FIGS. 11B-11E illustrate another alternate embodiment for a gripper head 24′ and grid finger head 22′. In this embodiment, it is not necessary to provide a separate positive actuator for opening and closing the grid fingers 52. Instead, the gripper element includes a profiled body which engages the fingers to move the fingers away from the center of the grid chute to the corners of the chutes, as done previously in the operation of grid head 22. Referring now in more detail to alternate embodiment, as can best be seen in FIGS. 11B-11E, gripper head frame 98 and actuator mechanism, designated generally as 108, are the same as disclosed previously. In the alternate embodiment, there is a gripper actuator tube 109 a which moves through a gripper tube 109 b when the actuator tube is engaged and moved downwardly by actuator bar 108 d. When gripper tube 109 a is moved downwardly, a roll pin 109 c compresses a spring 109 d which is seated on a seated 109 n machined in the interior of gripper head tube 109 b. As can best be seen in FIG. 11C, when actuator bar 108 d is depressed pushing gripper tube 109 a downwardly, a gripper finger actuator 109 e is also pushed downward causing a surface 109 m to engage finger abutments 109 l and move a pair of gripper fingers 109 f apart. In this position, the gripper fingers are spread apart so that a bottle can be accessed for gripping, or released. It is noted that spring 109 d is compressed so that when actuator bar 108 d is raised back up, actuator tube 109 a also moves upwardly under the force of the compressed spring against roll pin 109 c. As actuator tube 109 a moves upward under the force of the spring, gripper finger actuator 109 e is also raised upwardly causing gripper fingers 109 f to close around the neck of the bottle due to engagement of finger abutments 109J with a tapering surface 109L formed on gripper actuator 109 e. As the gripper ends 109 k of the gripper fingers move inwardly, they engage underneath a ridge which protrudes outwardly from the neck of the bottle. The force of the spring urging gripper tube 109 a upwardly cams gripper ends 109 k tightly against the neck of the bottle underneath the ridge. The bottles or other articles are positively gripped until actuator tube 109 a is again forced downwardly by actuator bar 108 d at the case packing station where it is desired to release the bottles. The tapering of surface 109L facilitates the gripping of different diameter bottle necks which can vary during packing operations. For example, if the diameter of the bottle neck were smaller than that illustrated in FIG. 11B, actuator tube 109 a would move further upwards causing gripper ends 109 k to move continuously further inwardly to grip the smaller diameter bottle neck.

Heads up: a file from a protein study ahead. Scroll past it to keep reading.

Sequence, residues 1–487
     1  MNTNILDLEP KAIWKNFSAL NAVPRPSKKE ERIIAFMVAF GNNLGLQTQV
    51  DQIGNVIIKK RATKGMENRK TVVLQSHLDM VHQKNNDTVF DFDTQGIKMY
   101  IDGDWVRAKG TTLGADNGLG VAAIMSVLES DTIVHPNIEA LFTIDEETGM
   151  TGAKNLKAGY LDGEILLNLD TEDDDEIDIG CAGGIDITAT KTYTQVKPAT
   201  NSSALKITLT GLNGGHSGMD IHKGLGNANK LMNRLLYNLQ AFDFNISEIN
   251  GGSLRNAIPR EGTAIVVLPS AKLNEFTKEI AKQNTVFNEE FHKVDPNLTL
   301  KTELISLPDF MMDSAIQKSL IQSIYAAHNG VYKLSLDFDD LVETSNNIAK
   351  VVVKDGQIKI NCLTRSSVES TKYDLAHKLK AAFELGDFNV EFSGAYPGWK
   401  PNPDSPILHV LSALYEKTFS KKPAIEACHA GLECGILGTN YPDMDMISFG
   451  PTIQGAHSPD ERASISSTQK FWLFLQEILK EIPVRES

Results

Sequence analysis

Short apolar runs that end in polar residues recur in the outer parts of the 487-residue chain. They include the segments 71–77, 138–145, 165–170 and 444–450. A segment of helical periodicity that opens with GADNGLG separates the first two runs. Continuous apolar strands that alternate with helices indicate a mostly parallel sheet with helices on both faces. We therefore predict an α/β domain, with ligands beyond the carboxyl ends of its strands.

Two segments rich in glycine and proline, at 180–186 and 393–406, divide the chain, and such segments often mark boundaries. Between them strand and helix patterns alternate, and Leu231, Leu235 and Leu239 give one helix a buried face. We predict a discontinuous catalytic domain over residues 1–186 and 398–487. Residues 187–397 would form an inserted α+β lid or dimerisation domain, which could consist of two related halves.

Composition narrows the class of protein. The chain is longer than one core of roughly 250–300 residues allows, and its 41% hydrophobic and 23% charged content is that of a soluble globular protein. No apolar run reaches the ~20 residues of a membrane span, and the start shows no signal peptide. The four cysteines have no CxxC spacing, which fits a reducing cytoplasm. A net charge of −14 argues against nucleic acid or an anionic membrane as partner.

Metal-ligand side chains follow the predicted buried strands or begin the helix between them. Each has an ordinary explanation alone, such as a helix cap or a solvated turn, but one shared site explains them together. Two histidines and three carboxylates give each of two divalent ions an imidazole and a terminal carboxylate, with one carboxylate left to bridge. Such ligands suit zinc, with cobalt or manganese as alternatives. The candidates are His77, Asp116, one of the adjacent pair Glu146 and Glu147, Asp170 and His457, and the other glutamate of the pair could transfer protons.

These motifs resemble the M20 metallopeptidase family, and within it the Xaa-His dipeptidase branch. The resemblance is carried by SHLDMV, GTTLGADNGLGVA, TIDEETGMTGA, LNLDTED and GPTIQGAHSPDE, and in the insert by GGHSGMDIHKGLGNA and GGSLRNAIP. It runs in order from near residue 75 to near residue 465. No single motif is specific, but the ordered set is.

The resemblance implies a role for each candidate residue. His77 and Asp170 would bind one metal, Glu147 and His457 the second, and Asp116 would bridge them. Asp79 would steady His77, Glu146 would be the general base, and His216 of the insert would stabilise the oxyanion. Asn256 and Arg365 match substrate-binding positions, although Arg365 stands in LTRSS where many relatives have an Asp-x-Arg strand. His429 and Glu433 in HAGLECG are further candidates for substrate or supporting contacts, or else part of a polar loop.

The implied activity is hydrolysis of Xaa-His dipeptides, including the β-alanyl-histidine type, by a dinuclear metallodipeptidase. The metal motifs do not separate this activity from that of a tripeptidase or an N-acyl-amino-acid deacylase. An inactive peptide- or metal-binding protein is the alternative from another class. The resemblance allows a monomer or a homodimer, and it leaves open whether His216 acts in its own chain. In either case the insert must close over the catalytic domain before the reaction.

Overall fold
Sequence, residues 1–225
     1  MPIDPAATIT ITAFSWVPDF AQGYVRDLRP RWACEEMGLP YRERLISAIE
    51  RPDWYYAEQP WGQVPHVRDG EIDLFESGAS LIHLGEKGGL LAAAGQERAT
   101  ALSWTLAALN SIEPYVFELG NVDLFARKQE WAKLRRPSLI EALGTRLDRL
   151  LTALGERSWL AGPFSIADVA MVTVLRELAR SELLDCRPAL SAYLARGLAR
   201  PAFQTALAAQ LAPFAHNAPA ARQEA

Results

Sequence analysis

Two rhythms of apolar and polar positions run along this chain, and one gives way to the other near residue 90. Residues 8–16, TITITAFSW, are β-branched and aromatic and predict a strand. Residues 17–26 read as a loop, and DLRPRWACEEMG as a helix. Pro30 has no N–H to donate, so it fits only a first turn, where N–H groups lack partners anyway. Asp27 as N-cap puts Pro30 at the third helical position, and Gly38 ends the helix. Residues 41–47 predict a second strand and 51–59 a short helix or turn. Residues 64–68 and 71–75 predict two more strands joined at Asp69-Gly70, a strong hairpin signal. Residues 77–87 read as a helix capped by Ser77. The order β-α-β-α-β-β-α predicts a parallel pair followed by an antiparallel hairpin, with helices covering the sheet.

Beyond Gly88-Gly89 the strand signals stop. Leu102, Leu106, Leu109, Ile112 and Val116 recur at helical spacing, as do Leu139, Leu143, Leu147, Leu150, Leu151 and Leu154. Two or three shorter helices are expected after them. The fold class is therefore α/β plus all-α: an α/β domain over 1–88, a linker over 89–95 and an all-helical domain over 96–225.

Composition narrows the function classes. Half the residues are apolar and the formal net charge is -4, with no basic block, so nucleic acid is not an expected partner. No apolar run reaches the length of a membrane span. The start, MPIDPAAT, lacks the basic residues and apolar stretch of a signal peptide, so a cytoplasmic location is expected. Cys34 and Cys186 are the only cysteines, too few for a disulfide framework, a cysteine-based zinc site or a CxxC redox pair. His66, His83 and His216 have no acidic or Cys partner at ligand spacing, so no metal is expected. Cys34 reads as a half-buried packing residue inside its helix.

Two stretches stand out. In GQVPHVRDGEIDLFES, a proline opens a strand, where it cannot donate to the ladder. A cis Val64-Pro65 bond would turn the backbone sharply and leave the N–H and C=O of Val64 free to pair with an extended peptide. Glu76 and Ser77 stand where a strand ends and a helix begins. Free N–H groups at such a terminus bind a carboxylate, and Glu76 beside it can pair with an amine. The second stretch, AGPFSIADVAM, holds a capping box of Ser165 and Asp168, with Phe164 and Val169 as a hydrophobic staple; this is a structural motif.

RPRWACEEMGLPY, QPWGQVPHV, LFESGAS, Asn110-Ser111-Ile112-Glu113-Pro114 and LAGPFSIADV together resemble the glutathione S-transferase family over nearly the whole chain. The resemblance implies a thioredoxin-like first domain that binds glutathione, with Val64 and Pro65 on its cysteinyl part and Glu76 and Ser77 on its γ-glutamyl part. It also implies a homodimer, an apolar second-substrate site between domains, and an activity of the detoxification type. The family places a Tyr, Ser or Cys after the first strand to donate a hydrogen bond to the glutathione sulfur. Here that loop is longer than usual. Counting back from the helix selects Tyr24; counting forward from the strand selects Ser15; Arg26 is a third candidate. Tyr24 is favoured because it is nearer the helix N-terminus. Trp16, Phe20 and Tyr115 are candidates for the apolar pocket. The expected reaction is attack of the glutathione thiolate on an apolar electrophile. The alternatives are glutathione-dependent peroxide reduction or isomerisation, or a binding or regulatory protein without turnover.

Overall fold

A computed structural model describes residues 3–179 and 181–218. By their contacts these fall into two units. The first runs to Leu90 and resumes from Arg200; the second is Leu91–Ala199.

In the alternate embodiment of FIGS. 11B and 11C, it is noted that the gripper elements include a profiled body 109 h. This profiled body engages the grid fingers 52 of modified grid head 22′, as can best be seen in FIGS. 11D and 11E. In this instance, it is no longer necessary to provide an actuator mechanism for moving the grid fingers to an open position for receiving the bottles and a closed position after receiving the bottles, as described in the previous embodiments. Instead, profiled body 109 h engages the fingers on the downward decent of the gripper head through the grid head. The profiled bodies 109 h move the fingers into their corner positions to allow gripping of the bottle necks, described in the previous paragraph. Upon gripping of the bottle necks, and raising of the gripper head, the articles are pulled through the grid fingers whereupon the grid fingers are allowed to close beneath the bottles under a spring force, as is typically used. For this purpose, the spring return grid head shown in U.S. Pat. No. 4,215,521 may be utilized without the need of forked actuator 78 (FIG. 5). For this purpose, it will be noted that the profiled body of the gripper element has a diameter generally equal to the diameter of the base of the bottle which is being gripped and passed through the grid fingers. To accommodate different bottle diameters, the profiled body of the gripper elements may be replaced likewise. In this manner, as the gripper elements extend down into the grid fingers, and as the gripper fingers approach the ends of the grid fingers, the grid fingers, and grid chutes defined thereby, are fully opened to the equivalent diameter of the bottles. Accordingly, after the bottles are gripped and pulled upwards through the grid fingers, the profiled bodies hold the grid fingers open until the bottles have passed well up into the fingers. The bottles are held above the pivot point of the grid fingers in the grid head. The same opening of the grid chutes occurs as the gripper tubes descend at the case packing station for slug release. The bottles and then the profiled bodies push the fingers into the corners of the grid chutes and box partitions at the case packing station.